tradition

Mistletoe traditions for Christmas

“I saw Mummy kissing Santa Claus, underneath the mistletoe last night”

Santa standing under some mistletoe

I saw Santa under the mistletoe in early December – but I didn’t get a kiss!

Yes Mummy kissed Santa, but the mistletoe connection to kissing is more than just a lyric in a 1950s song!

What is the mistletoe tradition anyway?

The Christmas tradition for mistletoe is that if you stand under some mistletoe, you have to kiss anyone standing there with you or near you.

One version of the tradition states men can only kiss the cheek of a woman met under the mistletoe. Then he must remove one berry from the bunch. Once there are no berries left, the mistletoe no longer signifies getting a kiss!

Of course, you can say no to a kiss – or work hard at avoiding standing under the mistletoe! However, the tradition states it is bad luck to refuse a (suitably sedate) kiss.

While it may look funny, especially in any romantic comedy movies, the tradition really only applies to mistletoe hung in a doorway or archway – so anyone carrying it around or having it stuck on their hat can’t expect lots of kisses!

What is mistletoe?

Collection of photos of the mistletoe parasite

Let’s start by saying that mistletoe is not the same as holly, although people do get them confused as both have an association with Christmas celebrations. Even if you Google mistletoe you see lots of images of red-berried holly!

So mistletoe is an evergreen plant with white berries that grows on the trunks of other trees – in other words, it is a parasite. It is spread by birds eating the berries and leaving the sticky residue on trees they land on.

It is commonly found on apple, lime, hawthorn, linden, willow and poplar trees in Europe, and less commonly on Oak trees. There are many species of mistletoe, including a number that grow in Australia (but not in Tasmania interestingly!)

Mistletoe uses the host tree for water and nutrients but photosynthesises to produce its own energy – not all parasitic plants do this.

While the berries have been used medicinally for centuries, it is important to know that Mistletoe stems and leaves are toxic. Eating mistletoe can lead to blurred vision, stomach pains, nausea, vomiting, diarrhoea and drowsiness, so be very careful to keep it out of reach of children and pets.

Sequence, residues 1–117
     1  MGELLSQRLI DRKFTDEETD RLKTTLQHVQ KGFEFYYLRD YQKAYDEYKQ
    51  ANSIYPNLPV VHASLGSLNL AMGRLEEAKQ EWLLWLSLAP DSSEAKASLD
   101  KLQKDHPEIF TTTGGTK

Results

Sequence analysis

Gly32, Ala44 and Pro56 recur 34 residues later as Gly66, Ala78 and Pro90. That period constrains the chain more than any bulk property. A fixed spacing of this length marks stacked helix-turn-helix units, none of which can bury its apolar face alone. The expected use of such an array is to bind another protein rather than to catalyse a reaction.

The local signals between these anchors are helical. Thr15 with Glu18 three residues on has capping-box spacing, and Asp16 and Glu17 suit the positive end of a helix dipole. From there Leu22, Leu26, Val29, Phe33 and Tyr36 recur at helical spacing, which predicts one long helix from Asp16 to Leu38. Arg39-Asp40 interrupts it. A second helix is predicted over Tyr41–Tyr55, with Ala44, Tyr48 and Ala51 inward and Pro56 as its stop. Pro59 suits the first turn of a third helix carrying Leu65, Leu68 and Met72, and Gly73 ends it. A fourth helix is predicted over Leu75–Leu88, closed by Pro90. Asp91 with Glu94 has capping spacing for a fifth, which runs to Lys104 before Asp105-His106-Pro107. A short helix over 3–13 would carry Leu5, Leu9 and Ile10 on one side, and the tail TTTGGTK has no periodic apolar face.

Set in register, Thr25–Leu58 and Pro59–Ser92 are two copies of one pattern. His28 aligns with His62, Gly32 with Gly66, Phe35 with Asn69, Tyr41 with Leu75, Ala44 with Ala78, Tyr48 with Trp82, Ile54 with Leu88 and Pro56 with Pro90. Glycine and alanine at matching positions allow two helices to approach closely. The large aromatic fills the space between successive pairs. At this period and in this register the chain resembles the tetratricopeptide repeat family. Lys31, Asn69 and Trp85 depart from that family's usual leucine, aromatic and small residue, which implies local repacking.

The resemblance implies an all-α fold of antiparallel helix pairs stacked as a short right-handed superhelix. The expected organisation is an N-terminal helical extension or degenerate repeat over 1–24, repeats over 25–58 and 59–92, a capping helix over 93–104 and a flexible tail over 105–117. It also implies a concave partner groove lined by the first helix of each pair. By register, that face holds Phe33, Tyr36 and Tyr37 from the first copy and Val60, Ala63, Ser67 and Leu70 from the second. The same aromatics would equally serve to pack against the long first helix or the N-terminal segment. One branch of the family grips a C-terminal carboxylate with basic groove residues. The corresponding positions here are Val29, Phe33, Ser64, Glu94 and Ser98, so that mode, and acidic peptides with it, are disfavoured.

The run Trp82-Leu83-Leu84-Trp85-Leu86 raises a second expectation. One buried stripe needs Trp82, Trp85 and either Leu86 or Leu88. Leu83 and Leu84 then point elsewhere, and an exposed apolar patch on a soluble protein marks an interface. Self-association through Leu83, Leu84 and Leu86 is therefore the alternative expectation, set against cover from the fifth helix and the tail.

How has mistletoe been linked with Christmas?

Mistletoe has been linked to Norse  mythology (a symbol of love and friendship), Celtic mythology, ancient Druids (in a fertility ritual) and was a pagan holy plant. In medieval times, it was used to ward off bad spirits during December (thus the Christmas connection now) and burnt afterwards.

As mistletoe is green and healthy during winter when the host tree would be bare and dead-looking, it is perhaps not so surprising that people were in awe of it and saw it as somehow mystical and powerful.

Kissing under mistletoe may have been around since the celebrations of Saturnalia (a Roman pagan ritual), but certainly since the eighteenth century. It was probably a bigger attraction in times when touching and kissing while you were single was frowned upon.

 

* Images courtesy of Love Santa, Llez, Max Pixel and Loadmaster

Make Santa letters a family tradition

Boy writing letter to SantaWriting letters to Santa is a long standing tradition in many places around the world.

It is a lot of fun and has many benefits for children, but it can also be a family event that is lots of fun.

Writing letters as a family

So how can you make it a family activity?

Basically, you just have to make the time to sit down together and write letters to Santa. But to get you moving, here are a few tips…

  1. make a date and time to do this so it will happen. if you make a date like ‘the first Saturday in December’ or ‘the third Friday in November’ it is easier to become a tradition that will last for years with little effort.
  2. get things set up first – have paper, pencils, textas, crayons and even special things like glitter and stickers. Spread them out on a table, turn on some Christmas or other loved music, and maybe have a yummy snack on hand so the letter writing time can be truly dedicated to being creative.
  3. let everyone ‘write’ their own letter. For very young children, you may write the actual words, but let them draw and write on the letter as well, and make sure they tell you what to write rather than deciding what to write for them.
  4. have a rule that nobody has to share their letter as they write, although encouraging sharing the finished letters can lead to some lovely times together. If someone (usually an older child) wants to keep secrets, maybe they can just read out part of what they have written instead.
  5. let everyone be creative – kids can draw pictures and decorate the letter, anyone can use different coloured pens/pencils for each sentence or even each word, and so on. This is for Santa, not a bank manager or lawyer, so make the letter beautiful!
  6. remember to include something nice for Santa in the letter, it shouldn’t just be a list of gifts you want
  7. have everyone write a letter, not just the kids. Parents can have fun, too, and it may help tip kids towards gifts you want instead of another pair of socks!